Alzheimer's disease researchers expressed sadness this week at the sudden death of Larry Sparks, senior scientist at the Banner Sun Health Research Institute, Sun City, Arizona, at the age of 63. Sparks worked in Sun City from 1997. Sparks championed the idea that high plasma cholesterol increases the risk for Alzheimer's pathology in the brain. "Larry relished to be the out-of-the box, lone thinker," said Banner colleague Marwan Sabbagh. "Larry didn't follow trends, but stuck to his own observations and what he wanted to do. That was his niche and his strength," said Sabbagh.

Larry Sparks

That philosophy led Sparks to make a connection between myocardial infarction and AD. He noticed that people who died from heart disease were more likely to have amyloid pathology in the brain on autopsy. "He had some novel ideas about the relationship between heart disease and AD, and the role of lipids and cholesterol," said Neil Buckholtz, National Institute on Aging, Bethesda, Maryland.

Sparks got his PhD in 1982 in Buckholtz's lab at the Medical University of South Carolina in Charleston. "Larry was then, as he continued to be, an enthusiastic scientist with ideas not always in the mainstream. I have to admit there were some stormy times, and I was not always sure he was going to get his degree," recollected Buckholtz. "I am glad he did, because during his research career over the next 31 years, he made a real contribution to Alzheimer’s disease research."

Sparks oversaw one of the first clinical trials to test if cholesterol-lowering statins could benefit people with mild to moderate Alzheimer's (see ARF related news story). People who took atorvastatin over one year tended to have less cognitive decline, though the results lacked statistical significance. Sparks was also intrigued by the potential role of copper in Alzheimer's and reported that even small amounts of the metal exacerbated pathology in rabbits fed high-cholesterol diets (see ARF related news story).

Sparks was a veteran of the Vietnam war. He passed away last Sunday, a few days after suffering a brainstem hemorrhage. "He had been planning for his retirement in about a year and a half," said Sabbagh. "He will be missed."—Tom Fagan.


  1. I have some fond memories of Larry. I'll share one.

    It was one of the early ICAD meetings in Minneapolis. One of the meeting events was a Twins-Orioles baseball game that turned out to be Cal Ripken's 2,000th consecutive game en route to the longest consecutive game streak in baseball history. I was sitting next to Larry. The game was a snooze, ending in a 1-0 score. There was a row of Swedish researchers sitting in front of us who were trying to understand from the comments of these two baseball "aficionados" why baseball is actually interesting (I know that Lars Lannfelt remembers this, as he reminded me of it years later). Larry shared with me during that game that he had been a semi-pro ballplayer, a catcher, but could never break into the majors "because I couldn't hit the curve ball."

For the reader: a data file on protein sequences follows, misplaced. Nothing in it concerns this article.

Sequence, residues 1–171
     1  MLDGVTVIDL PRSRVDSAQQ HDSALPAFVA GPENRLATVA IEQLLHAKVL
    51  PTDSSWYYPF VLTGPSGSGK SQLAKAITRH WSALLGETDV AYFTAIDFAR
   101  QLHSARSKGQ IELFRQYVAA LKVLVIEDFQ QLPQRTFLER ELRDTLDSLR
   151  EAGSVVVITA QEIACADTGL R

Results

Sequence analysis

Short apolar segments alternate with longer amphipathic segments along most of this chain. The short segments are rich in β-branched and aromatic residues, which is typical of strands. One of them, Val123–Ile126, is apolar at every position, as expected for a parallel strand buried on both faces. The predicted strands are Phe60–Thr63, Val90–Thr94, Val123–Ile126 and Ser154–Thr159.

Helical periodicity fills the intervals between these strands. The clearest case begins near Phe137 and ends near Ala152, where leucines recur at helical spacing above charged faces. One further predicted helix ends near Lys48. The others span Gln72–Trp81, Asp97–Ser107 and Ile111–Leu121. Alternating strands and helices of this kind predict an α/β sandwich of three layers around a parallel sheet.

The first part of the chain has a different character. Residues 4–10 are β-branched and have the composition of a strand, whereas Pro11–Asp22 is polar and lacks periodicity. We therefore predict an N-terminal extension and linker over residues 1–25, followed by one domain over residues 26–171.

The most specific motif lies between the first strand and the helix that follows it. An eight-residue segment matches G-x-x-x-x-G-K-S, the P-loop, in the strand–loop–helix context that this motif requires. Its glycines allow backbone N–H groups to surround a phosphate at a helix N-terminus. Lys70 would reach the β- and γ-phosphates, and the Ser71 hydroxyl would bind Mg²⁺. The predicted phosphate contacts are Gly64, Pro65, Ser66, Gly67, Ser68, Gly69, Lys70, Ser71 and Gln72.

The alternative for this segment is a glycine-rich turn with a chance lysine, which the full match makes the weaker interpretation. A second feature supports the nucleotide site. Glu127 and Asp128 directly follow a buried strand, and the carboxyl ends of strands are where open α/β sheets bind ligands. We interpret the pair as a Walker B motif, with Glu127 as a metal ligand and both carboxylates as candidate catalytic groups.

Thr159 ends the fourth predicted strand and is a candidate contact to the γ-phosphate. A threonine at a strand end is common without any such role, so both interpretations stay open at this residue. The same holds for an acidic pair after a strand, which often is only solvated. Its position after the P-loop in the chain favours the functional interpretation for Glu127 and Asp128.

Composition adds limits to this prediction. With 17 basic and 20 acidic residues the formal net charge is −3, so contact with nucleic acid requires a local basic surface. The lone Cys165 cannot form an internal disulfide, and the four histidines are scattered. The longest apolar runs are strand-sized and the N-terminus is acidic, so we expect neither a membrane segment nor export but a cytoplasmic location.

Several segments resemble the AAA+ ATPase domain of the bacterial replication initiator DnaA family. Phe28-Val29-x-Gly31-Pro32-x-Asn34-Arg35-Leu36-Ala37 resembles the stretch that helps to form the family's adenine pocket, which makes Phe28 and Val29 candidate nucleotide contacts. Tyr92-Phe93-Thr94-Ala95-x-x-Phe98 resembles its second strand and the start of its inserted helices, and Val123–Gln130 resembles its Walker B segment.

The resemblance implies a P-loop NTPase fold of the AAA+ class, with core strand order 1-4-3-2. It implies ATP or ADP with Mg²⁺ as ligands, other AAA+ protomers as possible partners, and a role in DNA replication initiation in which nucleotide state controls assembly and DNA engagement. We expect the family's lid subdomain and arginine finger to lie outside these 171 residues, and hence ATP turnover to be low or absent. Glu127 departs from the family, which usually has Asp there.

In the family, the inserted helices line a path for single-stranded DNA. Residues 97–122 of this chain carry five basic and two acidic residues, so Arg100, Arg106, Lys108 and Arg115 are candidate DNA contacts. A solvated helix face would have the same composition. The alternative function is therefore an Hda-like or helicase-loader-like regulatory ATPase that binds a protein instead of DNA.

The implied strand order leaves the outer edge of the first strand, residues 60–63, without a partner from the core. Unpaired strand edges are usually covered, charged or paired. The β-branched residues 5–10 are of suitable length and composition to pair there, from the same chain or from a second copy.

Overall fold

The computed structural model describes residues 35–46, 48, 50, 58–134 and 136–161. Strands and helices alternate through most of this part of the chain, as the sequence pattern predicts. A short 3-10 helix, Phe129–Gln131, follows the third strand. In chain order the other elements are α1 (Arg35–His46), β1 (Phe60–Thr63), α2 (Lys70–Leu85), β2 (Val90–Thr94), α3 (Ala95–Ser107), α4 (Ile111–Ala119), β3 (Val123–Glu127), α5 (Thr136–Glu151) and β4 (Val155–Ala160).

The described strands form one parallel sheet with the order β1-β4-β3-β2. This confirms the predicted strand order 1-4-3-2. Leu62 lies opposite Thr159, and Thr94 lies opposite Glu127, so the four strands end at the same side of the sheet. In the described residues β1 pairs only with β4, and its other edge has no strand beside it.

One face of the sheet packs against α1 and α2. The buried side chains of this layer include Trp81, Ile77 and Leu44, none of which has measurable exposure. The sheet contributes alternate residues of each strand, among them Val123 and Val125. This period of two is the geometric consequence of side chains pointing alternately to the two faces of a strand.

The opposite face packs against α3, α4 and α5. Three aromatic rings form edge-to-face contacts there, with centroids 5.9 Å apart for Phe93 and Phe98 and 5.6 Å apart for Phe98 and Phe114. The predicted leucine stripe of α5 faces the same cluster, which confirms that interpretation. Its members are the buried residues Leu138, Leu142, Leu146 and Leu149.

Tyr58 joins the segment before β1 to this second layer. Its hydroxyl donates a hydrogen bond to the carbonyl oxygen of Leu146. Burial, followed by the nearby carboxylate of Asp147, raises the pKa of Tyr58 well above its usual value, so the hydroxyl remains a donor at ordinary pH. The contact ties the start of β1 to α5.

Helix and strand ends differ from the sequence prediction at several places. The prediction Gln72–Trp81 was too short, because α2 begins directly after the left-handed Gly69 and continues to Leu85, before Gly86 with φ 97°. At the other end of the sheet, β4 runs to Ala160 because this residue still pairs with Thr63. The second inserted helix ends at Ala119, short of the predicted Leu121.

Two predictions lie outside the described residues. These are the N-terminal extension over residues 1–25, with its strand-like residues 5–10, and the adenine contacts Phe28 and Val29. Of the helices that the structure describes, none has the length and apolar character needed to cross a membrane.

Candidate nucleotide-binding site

Larry sure threw a few curves in his day.


  2. Vale, Larry.

    An original thinker, who made a great contribution.

  3. Larry,

    We will miss you!


  4. The controversy and research opportunities that Larry started on the role of cholesterol in AD pathogenesis lives on. He was also a really nice and friendly person. It is very sad to see him go.

  5. My memory of Larry is at a conference in Sweden. He gave a 20-minute talk that had about 230 slides. No joke. He had the slides set to advance automatically and talked continually, stream-of-consciousness style, with the slides changing about every five seconds as he talked. It was an unorthodox, amazing performance and, of course, he delivered his views on cholesterol and AD very forcefully.

  6. His death was premature. Mourning.

  7. Larry was a wonderful person, full of imagination, energy, spirit, thoughtfulness, and joie de vivre. I miss him and will remember him always. The field has suffered a great loss.

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News Citations

  1. Atorvastatin, Vaccine Trial Data Published
  2. Coping with Copper—Minute Amount of Metal Plagues Rabbit Brain

Further Reading